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January 2013 Volume 20 Number 1
Greece. The Greek government announced at the end of 2012 that it had "stopped" unauthorized migration over its land border with Turkey. Some 55,000 foreigners were detected crossing the Evros River in 2011, but none in December 2012. Some say that smugglers have shifted to sea routes, moving migrants to Lesvos, Sumos, Symi and the Farmkonis.<< back
Greece's economy continued to struggle in Fall 2012. The anti-migrant political party Golden Dawn increased its support in opinion polls to 10 percent, making it the third most popular party, after the SYRIZA party with 23 percent and the New Democracy party with 21 percent. Golden Dawn won seven percent of the vote in June 2012 elections, making it the fifth-largest party.
Greece had 700,000 public-sector workers in Fall 2012, and the coalition government resisted calls from the IMF and the EU to lay off 150,000 government workers. It feared that, with unemployment at 25 percent and almost 60 percent for those under 25, those laid off would not be able to find other jobs. A German official's remark that 1,000 German local government officials could do the work of 3,000 Greek officials prompted Greeks in Salonika to throw coffee and water at a German diplomat.
Wages fell about 15 percent and GDP about 25 percent since Greece asked for a bailout in 2010. With rising taxes, average Greeks have lost 40 percent of their after-tax incomes since 2007. Greece collected about eight percent of GDP in taxes in 2011, while the government spent about 21 percent of GDP, increasing fears of a "Grexit," a Greek exit from the euro.
Wealthy Greeks appear to be keeping their money outside Greece to evade taxes and protect themselves from devaluation in the event Greece leaves the Euro. One estimate is that Greeks have E120 billion in assets outside the country, equivalent to two-thirds of Greek GDP, including almost 60 percent in Switzerland.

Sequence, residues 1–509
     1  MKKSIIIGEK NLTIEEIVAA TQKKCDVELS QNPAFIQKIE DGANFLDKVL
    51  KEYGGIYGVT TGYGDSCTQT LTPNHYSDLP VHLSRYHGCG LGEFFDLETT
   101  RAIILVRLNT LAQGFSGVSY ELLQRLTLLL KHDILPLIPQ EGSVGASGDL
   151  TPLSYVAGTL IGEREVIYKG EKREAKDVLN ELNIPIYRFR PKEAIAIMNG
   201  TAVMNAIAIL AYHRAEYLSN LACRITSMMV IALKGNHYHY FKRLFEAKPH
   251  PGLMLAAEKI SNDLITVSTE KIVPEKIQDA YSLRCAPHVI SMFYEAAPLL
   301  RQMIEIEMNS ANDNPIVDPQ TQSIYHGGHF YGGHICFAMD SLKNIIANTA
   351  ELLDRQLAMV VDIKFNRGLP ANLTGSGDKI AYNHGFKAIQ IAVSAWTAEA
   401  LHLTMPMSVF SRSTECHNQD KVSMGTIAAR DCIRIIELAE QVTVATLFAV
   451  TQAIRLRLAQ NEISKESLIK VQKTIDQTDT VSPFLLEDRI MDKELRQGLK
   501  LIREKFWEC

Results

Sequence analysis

Greek's lenders insisted that the government end automatic salary increases for public and private sector workers and reduce the severance pay private sector workers receive when they are terminated. In November 2012, the government approved reforms demanded by creditors to raise the retirement age from 65 to 67.
Italy. Italy's October 2011 census enumerated 59.4 million residents, including four million immigrants. However, the number of immigrants appears to have fallen in 2012, as high unemployment encouraged some Chinese immigrants to return to China or move to Canada.
Foreign workers are often paid less than the minimum wage in southern Italy. African migrants and local residents clashed in Rosarno, Calabria in early January 2010 after a legal migrant was wounded in a pellet-gun attack. After the 2010 clashes, half of the 2,500 migrants among Rosarno's 16,000 residents were taken for their own safety to detention centers outside the region.
Amnesty International returned to Rosarno in December 2012 and reported that the migrants who pick local citrus continue to be exploited. AI criticized an Italian law that requires migrants to have formal contracts with employers before they can receive residence permits. This law, AI concluded, encourages some migrants to sign contracts offering less-than-minimum wages so that they can remain legally in Italy. African migrants often pay for contracts, and then are required to pay protection money to the local mafia.